• Property taxes: When you purchase a house, you will need to factor in the cost of property taxes. To help you cover the annual cost of property taxes, mortgage lenders will add in the cost of property taxes to your monthly mortgage payment, collect funds evenly over the course of the year and hold them in escrow until taxes are due for payment.
  • Insurance: There are two types of insurance that may be added to your monthly mortgage payment. Like property taxes, homeowners insurance will be factored into each mortgage payment and held in escrow until the bill is due. The second type of insurance is called private mortgage insurance (PMI). Just like property insurance protects homeowners against damage done to their home, PMI protects lenders from the risk of borrowers defaulting on a loan. When homebuyers purchase a home with less than 20% down, lenders will apply the cost of PMI to the monthly mortgage payment to minimize the additional risk they are assuming. If you cannot afford to put 20% down on a house, don’t worry. There are still other ways you can avoid paying PMI.

How can I lower the cost of my mortgage payment?

  • Save up for a larger down payment: Whether you have 3.5% or 15% to put down on a home, it’s in your best financial interest to save up for a larger down payment. The larger your down payment is, the lower your monthly mortgage payment will be. One way to keep your mortgage payment as low as possible is to provide a 20% down payment at closing. Not only will your monthly mortgage payment be lower, you’ll reduce the amount of interest you pay over the life of the loan and avoid paying PMI.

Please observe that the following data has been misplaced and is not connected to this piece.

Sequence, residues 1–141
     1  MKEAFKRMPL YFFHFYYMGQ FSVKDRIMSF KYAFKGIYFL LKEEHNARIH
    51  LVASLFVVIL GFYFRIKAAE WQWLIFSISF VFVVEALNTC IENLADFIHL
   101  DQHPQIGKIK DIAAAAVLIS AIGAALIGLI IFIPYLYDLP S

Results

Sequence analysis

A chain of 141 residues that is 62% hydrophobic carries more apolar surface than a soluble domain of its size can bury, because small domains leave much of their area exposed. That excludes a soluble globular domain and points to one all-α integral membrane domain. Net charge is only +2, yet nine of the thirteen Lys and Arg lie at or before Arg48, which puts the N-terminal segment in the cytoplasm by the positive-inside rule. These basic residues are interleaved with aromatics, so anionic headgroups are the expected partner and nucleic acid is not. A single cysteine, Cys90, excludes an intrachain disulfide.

• Increase your chances of getting a great rate: With interest rates near historic lows, the dream of homeownership has been put within reach for many first-time homebuyers. Follow these tips to increase your chances of getting the best rate possible.
  • Extend the length of your loan. When combined with a great interest rate, the right loan term can help you maximize savings over the life of your loan. The longer your term, the more time you have to pay off your loan—thus, the lower your monthly mortgage payment will be. Use this guide to choose the ideal loan term for you!